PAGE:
Global Search Tips
By default, Sayari Graph runs your search terms against key attribute fields of the entities in our database – name, identifier, date of birth, address, contact and business purpose – and simultaneously against the text of those fields in source records as well as the text of unstructured records (e.g. company meeting minutes or trade register gazettes). The Entities and Records toggle allows you to switch between the two sets of results, and the Advanced Search and results filters offer additional controls.
Multiple search terms are treated with an implicit ‘and’ operator. Instead of searching for taxi AND yellow AND cab, it is sufficient to search for yellow taxi cab with the words in any order.
We recommend that users become familiar with the search operators listed below.
” ” Quotation marks around more than one term require an exact phrase, e.g. “apple computer”.
+ Plus before a term requires it with that exact spelling, e.g. +apple. This is applied by default to all terms in your search.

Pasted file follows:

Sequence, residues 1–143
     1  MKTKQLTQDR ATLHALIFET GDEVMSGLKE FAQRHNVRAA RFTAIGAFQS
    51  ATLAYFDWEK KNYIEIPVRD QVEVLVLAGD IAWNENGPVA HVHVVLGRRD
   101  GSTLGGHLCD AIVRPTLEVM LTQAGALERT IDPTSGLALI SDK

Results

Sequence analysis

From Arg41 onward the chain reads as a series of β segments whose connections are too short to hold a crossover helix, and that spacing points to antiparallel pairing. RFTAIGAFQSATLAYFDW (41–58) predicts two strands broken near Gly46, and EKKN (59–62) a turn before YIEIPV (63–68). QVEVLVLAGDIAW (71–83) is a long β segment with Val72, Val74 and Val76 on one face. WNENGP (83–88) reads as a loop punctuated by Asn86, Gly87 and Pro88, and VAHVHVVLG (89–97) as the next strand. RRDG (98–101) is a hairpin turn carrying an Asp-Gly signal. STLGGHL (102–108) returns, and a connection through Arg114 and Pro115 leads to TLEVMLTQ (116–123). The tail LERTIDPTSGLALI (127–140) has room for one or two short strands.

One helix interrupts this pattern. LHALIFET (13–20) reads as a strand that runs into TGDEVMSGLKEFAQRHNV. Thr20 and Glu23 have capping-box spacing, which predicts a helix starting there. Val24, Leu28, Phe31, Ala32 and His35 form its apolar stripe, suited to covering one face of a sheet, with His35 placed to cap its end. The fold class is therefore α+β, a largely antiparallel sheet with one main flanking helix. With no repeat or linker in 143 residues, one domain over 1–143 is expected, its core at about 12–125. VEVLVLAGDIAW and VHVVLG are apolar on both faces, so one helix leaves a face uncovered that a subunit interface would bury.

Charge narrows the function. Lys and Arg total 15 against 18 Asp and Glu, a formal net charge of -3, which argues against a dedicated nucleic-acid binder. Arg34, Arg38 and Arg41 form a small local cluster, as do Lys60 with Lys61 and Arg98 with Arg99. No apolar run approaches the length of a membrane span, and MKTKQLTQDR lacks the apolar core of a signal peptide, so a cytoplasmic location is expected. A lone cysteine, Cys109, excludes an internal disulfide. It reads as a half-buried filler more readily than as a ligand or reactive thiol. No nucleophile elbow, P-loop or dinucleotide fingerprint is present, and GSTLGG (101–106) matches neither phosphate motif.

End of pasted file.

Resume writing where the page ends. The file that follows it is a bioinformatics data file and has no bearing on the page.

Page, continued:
– Hyphen before a term requires that the result not have that term, e.g. -ibm.
~ Tilde after a phrase in quotes allows one or more terms between the words in the phrase, e.g. “big house”~3 returns results that must have big and house, but there can be up to three words between them. Tilde after a word without quotes and followed by a number specifies per-character fuzziness, e.g. sayari~3 returns results with sayari and anything up to three characters different. Fuzzy searches take longer to complete and will be truncated if they return excessive numbers of results.
* Asterisk at the end of a word acts as a prefix search, e.g. appl* would return Apple and apples but also application and apply.
( ) Parentheses around one or more search terms allows separate simultaneous queries, e.g. (apple “infinite loop”) | (ibm Armonk) returns results that must contain both the name and headquarters address of either Apple or IBM.
| Pipe between two terms allows for either term, e.g. birthday | party returns results with either birthday or party. If you want to search for multiple words, e.g. first name Susan and last name either Williams or Smith, we recommend using parentheses (see previous tip), e.g. (susan williams) | (susan smith).